Rogers County commissioners directed the district attorney Monday to launch a criminal investigation into what the chairman called unauthorized entry into the old courthouse.
No one was mentioned in the motion calling for the inquiry but chairman Kirt Thacker earlier had accused the Claremore Daily Progress of entering the building without permission.
Thacker’s accusations were prompted by an Aug. 4 story in the newspaper reporting on records — including names, addresses and Social Security numbers — left unsecured in a hallway of the open building.
Thacker said two weeks ago he wanted the DA to look into “unauthorized entry into the old courthouse.”
In fact, Assistant Attorney David Iski was already investigating, according to county officials, including Sheriff Scott Walton.
Walton said he was asked to take an informational report of alleged trespassing on July 31, when a reporter found the records strewn about the old courthouse. Others said they’ve been interviewed or were approached by Iski to provide written statements.
Commissioners spent almost 40 minutes talking about the issue behind closed doors yesterday. They emerged to vote unanimously to ask for the investigation.
Commissioner Dan DeLozier said the board took up the matter at the request of the DA’s office.
In an interview, Walton said his department is not investigating the incident because he has determined allegations of unauthorized entry were without merit. He noted he was in direct contact with the newspaper on July 31, and “to his knowledge found nothing done by stealth or criminal intent.”
“The sheriff’s office is focused and successful at pursuing felony crimes and career criminals,” said Walton. “We are not in the business of using our resources to chase frivolous allegations of perceived wrongdoing by the media.”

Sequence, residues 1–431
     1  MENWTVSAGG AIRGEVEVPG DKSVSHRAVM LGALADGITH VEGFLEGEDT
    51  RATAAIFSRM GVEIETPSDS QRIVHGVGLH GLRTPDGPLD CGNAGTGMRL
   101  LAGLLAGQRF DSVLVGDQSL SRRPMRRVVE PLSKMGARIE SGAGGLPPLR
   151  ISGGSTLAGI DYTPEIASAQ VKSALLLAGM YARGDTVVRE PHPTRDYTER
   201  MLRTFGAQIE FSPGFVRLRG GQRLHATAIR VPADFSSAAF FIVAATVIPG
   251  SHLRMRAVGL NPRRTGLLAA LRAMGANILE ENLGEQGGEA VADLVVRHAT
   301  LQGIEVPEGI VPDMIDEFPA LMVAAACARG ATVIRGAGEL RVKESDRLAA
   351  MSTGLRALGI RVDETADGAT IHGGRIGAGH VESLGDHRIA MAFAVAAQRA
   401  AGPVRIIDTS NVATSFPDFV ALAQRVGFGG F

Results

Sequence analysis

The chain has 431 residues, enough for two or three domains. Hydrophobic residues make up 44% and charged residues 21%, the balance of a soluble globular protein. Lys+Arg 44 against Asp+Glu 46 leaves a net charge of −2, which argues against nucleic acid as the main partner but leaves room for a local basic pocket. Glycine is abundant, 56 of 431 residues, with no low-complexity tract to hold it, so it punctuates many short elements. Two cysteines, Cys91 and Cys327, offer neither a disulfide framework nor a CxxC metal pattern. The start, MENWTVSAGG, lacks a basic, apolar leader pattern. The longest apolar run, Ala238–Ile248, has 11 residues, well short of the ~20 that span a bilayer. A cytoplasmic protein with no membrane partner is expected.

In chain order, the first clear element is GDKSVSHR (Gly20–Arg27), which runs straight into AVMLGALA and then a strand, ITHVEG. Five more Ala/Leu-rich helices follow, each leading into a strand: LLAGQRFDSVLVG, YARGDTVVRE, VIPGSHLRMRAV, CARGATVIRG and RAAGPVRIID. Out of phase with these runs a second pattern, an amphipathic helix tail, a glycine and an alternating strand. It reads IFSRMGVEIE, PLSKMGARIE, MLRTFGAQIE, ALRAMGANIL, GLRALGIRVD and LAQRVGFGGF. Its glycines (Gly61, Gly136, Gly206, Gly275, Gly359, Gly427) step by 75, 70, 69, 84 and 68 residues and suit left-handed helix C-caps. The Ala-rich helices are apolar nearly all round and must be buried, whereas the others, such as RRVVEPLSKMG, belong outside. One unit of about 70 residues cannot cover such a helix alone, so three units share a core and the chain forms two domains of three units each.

He added that the building has been easily accessible since last spring, when county offices began moving to the new courthouse across the street. The move was to be complete by July 31.
“It is common knowledge, since the building closed in April, any passerby could see people coming and going into the building — like Wal-Mart,” said Walton.
During Monday’s meeting, several citizens questioned commissioners’ timing and intentions.
They included Russell Guilfoyle, who asked the board if the DA should instead investigate who was responsible for security of the old courthouse and the records.
If an investigation shows the building was unsecured, Guilfoyle said, “I would respectfully request that you resign your positions for the security of the people of Rogers County.”
The records in the hallway were an index of people involved in cases handled by the district attorney’s office. Discovered by a reporter following up a tip, the index was composed of cards with details about those charged with crimes as well as victims — adults and juveniles.
Oklahoma law considers court records related to juvenile cases to be confidential and requires them to be sealed and secured.
To view the video from the meeting go to http://youtu.be/_j8QDQag4fI.